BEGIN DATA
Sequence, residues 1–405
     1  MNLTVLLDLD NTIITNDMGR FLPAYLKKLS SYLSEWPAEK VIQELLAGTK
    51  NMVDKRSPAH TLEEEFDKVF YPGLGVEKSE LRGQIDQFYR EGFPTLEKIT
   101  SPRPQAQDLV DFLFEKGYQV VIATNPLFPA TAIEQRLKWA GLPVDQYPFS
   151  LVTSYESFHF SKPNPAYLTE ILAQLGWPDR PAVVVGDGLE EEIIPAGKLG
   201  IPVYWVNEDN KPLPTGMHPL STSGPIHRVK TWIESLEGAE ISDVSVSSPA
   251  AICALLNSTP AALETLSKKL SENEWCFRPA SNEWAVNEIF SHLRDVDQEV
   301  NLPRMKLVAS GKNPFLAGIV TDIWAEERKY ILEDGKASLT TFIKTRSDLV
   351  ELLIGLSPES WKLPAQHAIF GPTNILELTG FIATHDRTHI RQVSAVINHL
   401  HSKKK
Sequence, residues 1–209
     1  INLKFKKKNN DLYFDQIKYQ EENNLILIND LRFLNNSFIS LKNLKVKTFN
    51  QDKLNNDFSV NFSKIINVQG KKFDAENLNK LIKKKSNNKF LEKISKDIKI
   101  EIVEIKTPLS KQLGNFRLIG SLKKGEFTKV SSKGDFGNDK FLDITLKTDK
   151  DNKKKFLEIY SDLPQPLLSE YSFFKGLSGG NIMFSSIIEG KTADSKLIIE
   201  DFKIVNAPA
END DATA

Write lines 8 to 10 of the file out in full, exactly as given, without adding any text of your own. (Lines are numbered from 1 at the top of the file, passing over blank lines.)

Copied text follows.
   301  NLPRMKLVAS GKNPFLAGIV TDIWAEERKY ILEDGKASLT TFIKTRSDLV
   351  ELLIGLSPES WKLPAQHAIF GPTNILELTG FIATHDRTHI RQVSAVINHL
   401  HSKKK